Formation evaluation challenges in highly fractured, stacked reservoirs with multiple source rocks and structural complexities which have complicated charging histories, are common in the Middle East. Finding additional pay zones, understanding the contribution of individual oils to the overall production, or evaluating the compartmentalization within the reservoir by resolving the heterogeneity of the reservoir rocks, are to name but a few. This work tries to understand the challenges posed by the sub-surface complexities and attempts to find answers through physical evidence; utilizing both onsite data acquired during drilling and data gathered through organic and inorganic laboratory measurements. Formation evaluation challenges are mostly attributed to formation heterogeneity, which we have aimed to address through the integration of petrophysical and geochemical data within this work. Therefore, a secondary aim of the present paper is to illustrate how such an integrated workflow can bring undiscussed value in terms of improved reservoir management and geological understanding of the field.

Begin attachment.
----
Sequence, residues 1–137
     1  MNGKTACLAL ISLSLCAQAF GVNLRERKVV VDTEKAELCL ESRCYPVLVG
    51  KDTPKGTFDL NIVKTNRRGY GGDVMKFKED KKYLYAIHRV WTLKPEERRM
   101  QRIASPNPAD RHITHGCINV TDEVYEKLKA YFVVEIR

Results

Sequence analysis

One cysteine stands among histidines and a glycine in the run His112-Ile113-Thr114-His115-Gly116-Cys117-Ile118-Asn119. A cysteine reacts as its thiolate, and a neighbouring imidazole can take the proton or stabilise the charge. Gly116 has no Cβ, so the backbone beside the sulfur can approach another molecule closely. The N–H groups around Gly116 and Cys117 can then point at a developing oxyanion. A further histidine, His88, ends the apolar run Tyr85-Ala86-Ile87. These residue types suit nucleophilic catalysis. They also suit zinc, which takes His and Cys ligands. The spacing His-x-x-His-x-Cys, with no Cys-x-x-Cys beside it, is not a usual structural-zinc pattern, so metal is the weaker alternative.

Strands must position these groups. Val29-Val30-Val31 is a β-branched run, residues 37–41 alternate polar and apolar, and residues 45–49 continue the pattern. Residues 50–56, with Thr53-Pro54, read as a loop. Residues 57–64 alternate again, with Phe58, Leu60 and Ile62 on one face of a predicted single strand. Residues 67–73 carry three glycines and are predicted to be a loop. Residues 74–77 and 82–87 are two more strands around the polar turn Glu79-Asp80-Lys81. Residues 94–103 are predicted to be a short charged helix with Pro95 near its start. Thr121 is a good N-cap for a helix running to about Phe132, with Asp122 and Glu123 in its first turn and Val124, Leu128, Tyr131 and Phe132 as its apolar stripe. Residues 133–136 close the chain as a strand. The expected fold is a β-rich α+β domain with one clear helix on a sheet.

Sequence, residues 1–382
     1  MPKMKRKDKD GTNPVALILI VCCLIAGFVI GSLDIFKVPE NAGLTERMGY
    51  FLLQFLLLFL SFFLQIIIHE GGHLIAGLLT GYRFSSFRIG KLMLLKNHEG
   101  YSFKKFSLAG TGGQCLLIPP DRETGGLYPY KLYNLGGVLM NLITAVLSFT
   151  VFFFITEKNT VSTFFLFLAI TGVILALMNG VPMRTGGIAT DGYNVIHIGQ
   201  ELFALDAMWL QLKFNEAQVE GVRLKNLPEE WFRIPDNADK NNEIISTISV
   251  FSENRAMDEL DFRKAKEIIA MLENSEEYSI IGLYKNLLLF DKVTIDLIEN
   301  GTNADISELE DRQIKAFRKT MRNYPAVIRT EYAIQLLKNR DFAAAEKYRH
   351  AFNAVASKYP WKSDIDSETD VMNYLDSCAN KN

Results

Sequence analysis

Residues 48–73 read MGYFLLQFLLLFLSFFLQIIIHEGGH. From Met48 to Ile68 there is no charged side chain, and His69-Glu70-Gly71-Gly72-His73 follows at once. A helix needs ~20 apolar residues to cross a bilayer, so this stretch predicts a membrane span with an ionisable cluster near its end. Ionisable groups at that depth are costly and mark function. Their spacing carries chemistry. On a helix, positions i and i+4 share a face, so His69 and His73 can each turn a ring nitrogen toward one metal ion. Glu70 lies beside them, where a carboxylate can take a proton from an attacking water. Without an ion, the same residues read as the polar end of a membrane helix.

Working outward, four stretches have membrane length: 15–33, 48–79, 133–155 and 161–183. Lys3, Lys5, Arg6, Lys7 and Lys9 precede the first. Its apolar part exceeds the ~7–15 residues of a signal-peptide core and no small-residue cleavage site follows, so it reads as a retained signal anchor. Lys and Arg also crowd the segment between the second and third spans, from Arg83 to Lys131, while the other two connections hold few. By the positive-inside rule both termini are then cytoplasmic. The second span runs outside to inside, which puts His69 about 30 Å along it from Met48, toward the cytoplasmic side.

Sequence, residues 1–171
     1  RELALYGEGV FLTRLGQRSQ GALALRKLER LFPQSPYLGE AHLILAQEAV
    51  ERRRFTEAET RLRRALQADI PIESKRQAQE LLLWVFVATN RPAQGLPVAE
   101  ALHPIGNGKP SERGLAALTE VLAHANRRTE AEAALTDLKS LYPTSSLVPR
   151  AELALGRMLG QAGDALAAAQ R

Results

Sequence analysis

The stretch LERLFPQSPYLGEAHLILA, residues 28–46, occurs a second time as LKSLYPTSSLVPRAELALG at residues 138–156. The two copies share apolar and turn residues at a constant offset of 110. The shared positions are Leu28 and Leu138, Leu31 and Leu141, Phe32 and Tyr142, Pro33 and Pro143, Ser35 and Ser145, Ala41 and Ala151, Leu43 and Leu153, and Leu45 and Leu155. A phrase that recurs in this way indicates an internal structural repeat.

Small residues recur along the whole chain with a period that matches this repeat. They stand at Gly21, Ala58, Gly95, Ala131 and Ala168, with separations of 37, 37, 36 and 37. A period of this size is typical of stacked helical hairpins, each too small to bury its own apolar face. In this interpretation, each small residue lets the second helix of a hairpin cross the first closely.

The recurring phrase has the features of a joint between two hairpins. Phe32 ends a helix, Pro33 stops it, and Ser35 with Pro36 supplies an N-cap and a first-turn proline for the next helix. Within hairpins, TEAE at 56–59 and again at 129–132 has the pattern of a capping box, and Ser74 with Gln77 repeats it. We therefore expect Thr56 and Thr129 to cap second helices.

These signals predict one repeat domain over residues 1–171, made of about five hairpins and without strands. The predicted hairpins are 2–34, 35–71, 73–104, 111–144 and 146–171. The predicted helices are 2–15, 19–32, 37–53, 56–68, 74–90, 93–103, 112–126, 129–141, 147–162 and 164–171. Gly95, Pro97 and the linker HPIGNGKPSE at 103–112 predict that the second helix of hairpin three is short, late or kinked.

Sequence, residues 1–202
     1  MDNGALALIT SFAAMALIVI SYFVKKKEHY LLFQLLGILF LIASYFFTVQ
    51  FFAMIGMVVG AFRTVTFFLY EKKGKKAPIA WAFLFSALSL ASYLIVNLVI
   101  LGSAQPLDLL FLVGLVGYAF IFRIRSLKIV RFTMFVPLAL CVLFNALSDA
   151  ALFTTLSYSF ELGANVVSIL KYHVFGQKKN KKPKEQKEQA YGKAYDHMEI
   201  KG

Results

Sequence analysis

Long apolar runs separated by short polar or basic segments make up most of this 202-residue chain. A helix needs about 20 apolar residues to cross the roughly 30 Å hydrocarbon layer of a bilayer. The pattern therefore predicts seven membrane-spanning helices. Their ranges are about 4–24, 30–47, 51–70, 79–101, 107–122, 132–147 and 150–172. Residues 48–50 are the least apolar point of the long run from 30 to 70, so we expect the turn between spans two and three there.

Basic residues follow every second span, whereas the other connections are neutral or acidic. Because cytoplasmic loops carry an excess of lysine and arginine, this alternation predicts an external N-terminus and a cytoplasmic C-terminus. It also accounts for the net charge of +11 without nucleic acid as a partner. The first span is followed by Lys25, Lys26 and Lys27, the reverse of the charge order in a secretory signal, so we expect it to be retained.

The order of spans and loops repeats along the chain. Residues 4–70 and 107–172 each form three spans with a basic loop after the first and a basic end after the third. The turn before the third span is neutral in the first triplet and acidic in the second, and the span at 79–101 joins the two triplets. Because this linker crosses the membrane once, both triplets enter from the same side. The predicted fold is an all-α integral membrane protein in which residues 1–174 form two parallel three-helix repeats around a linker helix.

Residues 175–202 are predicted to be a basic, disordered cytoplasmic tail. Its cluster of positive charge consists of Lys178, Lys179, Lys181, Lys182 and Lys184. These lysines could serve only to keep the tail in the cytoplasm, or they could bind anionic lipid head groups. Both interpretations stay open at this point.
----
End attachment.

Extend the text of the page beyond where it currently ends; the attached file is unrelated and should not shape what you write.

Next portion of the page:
This project encompasses the integration of petrophysical and geochemical analyses of the reservoir rocks. Geochemical data have provided the ability to make maturity, richness and other character interpretations and will be combined with important petrophysical properties of the carbonate intervals to predict reservoir heterogeneities. These interpretations could support perforation interval selection on subsequent wells in the field through the understanding of the mobility of the oils, and ultimately impact on production strategies.
Best practices for thermally extracting hydrocarbons from drill cuttings, quality controlling advanced mud gas data and interpretive processes, together with the entire workflow followed, will also be elaborated. The analysis has the objectives of establishing results to support completion decisions through understanding reservoir quality and reservoir fluid heterogeneities specific to the basin studied and the petroleum system in place. The petrophysical reservoir properties such as hydrocarbons in-place, mobility of the oils, porosity, permeability, fracture intensity, geomechanical properties (brittle vs. ductile) and fluid quality assessment in the reservoir will be tied in to geochemical analyses to this extent.
The reservoir properties determination pursued in this study has been carried out using a number of integrated analytical techniques on DST oil samples of six offset wells and rock cuttings, as well as petrophysical logs and advanced mud gas data. The concepts, tools and methods that have been demonstrated for evaluating crude oils, natural gases and petrophysical characteristics of the rocks are applicable to many problems in petroleum production and field development, as well as exploration efforts, and are largely recognized to help reducing the associated uncertainties in a cost-effective manner.